….Prices for commodities are creeping upwards. Each has its own fundamental reality, dependent on its own supplies and demands. How much of this price appreciation is due to those fundamentals and how much is due to government money printing we do not know, but commodity prices, especially precious and strategic metals, are quietly talking. Smart people, who know how dumb they are, will listen.
Are we listening to Fed Chairman Bernanke when he says the economy is improving? Not likely.
And Obama? At least he acknowledged that stupidity exists. After all, he mentioned it in his comments about the police action in Cambridge, so we guess he knows it when he sees it. Obama must be a smart guy – everyone says so. What are we missing?
How can one think that more government control of health care can fix a system whose faults flow from the increasing government involvement since the Nixon years?
How can anyone believe the creation of another convoluted government-enabled speculative scheme–the trading of carbon credits–will not descend into a morass of political cronyism and corruption?
How can more government control of education, where costs have gone up while quality goes down, be something any smart person would wish for?
All simple questions, and Obama seems confident of the answers. But then we remember that a glib sureness is often the cover for an unthoughtful mind.
The next couple of months will be crucial in determining the shape of the financial system for decades to come. And so far, the signs are not encouraging.
The Obama administration is trying to refocus our attention on regulation, beginning with the president’s speech in New York two weeks ago. The financial system, after all, brought us a near-catastrophic crisis that turned a mild recession into a painfully severe one. And Barney Frank, chairman of the House Financial Services Committee, says that he still plans to pass a regulatory reform bill before the end of the year.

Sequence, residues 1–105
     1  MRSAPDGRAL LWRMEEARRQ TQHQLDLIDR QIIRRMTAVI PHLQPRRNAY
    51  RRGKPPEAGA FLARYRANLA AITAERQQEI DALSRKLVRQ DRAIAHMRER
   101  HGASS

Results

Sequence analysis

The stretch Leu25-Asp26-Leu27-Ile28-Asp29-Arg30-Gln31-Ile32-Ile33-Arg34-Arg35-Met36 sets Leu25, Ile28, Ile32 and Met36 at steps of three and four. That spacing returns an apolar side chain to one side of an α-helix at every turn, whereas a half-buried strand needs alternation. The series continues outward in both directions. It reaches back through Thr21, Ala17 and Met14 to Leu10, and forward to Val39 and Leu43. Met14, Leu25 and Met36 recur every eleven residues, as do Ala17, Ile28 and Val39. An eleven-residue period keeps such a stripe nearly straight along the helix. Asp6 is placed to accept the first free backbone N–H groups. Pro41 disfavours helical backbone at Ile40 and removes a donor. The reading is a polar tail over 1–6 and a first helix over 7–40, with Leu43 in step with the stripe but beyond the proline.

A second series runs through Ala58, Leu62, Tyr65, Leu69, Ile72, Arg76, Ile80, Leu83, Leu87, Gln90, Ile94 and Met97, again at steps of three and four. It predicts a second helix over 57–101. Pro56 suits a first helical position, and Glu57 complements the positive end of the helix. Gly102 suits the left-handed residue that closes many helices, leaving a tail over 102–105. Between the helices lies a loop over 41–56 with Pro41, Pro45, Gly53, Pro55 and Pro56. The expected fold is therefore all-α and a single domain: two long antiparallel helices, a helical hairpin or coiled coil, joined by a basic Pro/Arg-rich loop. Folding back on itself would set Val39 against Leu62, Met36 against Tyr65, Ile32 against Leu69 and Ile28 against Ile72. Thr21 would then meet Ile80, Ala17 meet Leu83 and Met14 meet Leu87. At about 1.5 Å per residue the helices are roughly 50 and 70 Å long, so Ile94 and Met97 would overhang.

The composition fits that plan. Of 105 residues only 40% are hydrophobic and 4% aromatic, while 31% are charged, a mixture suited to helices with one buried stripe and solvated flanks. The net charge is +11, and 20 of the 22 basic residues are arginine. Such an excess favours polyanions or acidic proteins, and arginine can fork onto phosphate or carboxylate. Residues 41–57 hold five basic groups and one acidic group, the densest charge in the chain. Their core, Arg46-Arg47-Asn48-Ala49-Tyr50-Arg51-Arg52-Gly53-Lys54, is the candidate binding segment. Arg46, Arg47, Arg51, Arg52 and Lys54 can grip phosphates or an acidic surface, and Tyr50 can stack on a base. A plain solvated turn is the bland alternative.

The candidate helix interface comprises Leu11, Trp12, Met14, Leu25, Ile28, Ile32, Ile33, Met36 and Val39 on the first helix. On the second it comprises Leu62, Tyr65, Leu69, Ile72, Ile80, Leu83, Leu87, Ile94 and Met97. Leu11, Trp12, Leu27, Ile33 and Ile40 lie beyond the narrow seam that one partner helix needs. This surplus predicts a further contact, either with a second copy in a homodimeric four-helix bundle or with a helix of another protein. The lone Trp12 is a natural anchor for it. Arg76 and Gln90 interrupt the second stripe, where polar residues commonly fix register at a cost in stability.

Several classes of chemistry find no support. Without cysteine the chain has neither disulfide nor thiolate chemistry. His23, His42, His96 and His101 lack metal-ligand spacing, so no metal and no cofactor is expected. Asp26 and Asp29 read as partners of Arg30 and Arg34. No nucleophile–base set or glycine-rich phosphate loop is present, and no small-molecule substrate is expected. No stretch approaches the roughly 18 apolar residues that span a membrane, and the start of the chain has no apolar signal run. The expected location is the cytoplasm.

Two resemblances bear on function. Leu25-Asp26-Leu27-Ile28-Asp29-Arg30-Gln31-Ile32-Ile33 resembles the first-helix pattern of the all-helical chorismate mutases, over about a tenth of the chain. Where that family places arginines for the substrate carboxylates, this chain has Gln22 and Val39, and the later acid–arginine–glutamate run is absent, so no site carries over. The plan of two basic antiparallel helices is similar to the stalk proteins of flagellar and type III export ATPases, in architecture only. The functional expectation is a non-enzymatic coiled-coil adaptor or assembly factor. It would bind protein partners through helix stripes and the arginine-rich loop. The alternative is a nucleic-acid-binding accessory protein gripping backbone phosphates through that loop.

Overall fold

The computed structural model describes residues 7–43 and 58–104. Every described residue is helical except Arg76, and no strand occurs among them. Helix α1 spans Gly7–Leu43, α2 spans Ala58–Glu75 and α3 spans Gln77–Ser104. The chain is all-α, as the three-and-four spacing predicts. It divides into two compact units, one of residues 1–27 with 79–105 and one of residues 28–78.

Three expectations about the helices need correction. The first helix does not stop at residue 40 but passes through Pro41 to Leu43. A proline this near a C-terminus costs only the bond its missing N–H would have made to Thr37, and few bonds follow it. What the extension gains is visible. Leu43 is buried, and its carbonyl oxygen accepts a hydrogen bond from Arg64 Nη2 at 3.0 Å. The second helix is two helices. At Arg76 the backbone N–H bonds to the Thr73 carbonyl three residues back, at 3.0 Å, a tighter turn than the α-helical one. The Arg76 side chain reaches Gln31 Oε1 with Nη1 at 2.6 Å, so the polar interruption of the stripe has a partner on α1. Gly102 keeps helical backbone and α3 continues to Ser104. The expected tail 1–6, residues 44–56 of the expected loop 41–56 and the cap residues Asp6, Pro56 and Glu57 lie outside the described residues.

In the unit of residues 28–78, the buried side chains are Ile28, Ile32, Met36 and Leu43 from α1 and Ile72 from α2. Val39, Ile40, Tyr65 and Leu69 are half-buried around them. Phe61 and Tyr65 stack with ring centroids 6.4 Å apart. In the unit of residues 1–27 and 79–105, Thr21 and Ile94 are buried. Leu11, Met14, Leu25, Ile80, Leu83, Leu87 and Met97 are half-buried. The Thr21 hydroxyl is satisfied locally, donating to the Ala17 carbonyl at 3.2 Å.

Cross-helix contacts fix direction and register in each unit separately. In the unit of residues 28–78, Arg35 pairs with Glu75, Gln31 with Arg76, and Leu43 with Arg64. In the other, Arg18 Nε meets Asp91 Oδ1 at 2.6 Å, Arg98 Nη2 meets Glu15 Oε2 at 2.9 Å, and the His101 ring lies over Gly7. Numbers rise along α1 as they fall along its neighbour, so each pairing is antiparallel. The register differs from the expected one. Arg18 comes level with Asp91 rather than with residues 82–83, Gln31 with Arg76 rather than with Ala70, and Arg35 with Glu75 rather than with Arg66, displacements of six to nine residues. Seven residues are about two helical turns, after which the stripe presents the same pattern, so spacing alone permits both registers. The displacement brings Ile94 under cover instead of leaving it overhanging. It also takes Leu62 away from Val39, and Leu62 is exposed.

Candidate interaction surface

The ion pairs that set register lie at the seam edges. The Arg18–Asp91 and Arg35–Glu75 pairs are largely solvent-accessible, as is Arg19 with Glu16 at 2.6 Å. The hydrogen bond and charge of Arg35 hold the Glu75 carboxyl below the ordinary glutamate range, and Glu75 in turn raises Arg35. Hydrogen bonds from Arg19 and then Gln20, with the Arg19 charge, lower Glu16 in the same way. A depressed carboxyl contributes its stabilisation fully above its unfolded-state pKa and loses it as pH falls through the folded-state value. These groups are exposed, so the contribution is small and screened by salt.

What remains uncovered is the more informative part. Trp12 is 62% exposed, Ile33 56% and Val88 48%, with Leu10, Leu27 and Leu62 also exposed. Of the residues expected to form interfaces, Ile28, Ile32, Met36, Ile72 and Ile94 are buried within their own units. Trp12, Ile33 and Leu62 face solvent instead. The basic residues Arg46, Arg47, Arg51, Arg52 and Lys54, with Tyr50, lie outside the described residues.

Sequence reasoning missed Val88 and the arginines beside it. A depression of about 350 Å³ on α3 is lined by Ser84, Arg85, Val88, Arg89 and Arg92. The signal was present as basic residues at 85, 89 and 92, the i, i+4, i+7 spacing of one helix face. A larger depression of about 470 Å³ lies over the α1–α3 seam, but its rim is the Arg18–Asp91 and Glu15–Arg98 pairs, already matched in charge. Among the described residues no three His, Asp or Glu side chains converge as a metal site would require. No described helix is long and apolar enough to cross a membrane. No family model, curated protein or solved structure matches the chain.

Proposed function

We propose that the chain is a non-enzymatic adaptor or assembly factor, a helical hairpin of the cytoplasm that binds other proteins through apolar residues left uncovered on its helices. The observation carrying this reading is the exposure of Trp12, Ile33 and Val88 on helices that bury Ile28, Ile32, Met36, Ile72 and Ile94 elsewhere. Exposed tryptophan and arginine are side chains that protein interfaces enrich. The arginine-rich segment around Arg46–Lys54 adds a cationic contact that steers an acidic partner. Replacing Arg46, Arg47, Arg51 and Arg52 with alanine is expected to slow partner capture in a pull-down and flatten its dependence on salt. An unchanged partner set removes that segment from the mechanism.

But in a clear indication of trouble ahead, Frank signaled his intention last week to scale back the proposed Consumer Financial Protection Agency, one of the pillars of the administration’s reform proposals. This new version of the CFPA would exempt many businesses that are not ordinarily thought of as financial institutions but that may offer some type of financial service to customers, such as telecommunications and other utility companies, law offices and real estate brokerages. In addition, it would not be able to require financial institutions to offer “plain vanilla” versions of certain products, such as a 30-year, fixed-rate mortgage.
Former Federal Reserve chairman Paul Volcker said the rise of China and other emerging economies has underscored a decline in the comparative economic and intellectual leadership of the U.S.
“I don’t know how we accommodate ourselves to it,” Volcker, an economic adviser to President Barack Obama, said in an interview with PBS’s Charlie Rosetaped yesterday in New York. “You cannot be dependent upon these countries for three to four trillion dollars of your debt and think that they’re going to be passive observers of whatever you do.”
The former Fed chairman also said unemployment at 9.7 percent will slow the pace of recovery from the U.S. recession as Americans default on mortgages and consumer loans. Moreover, commercial real estate loans are likely to cause further losses for banks.
“This recovery will be slower,” he said. “We can’t just pump up consumption and pump up housing again.”
To prevent inflation from taking off, the Federal Reserve will need to start boosting interest rates quickly and aggressively once the economy is back on firmer footing, Fed officials warned Tuesday.
“I expect that when it comes time to tighten monetary policy, my colleagues and I will move with an alacrity that, if needed, will be equal in speed and intensity” to when the Fed was slashing rates to battle the recession and the financial crisis, said Richard Fisher, president of the Federal Reserve Bank of Dallas.
Although Fisher has a reputation for being one of the Fed’s toughest inflation fighters, it marked the second such warning by a central bank official in recent days. Fed member Kevin Warsh on Friday said the central bank will need to move swiftly when the time comes to raise rates.
Charles Plosser, president of the Federal Reserve Bank of Philadelphia and also a hawk against inflation, waded into the debate in a speech Tuesday in Easton, Pa., saying the Fed may need to act “well before” unemployment — now at a 26-year high of 9.7 percent — returns to normal. The Fed, he said, will need to be on guard “to prevent the Second Great Inflation.”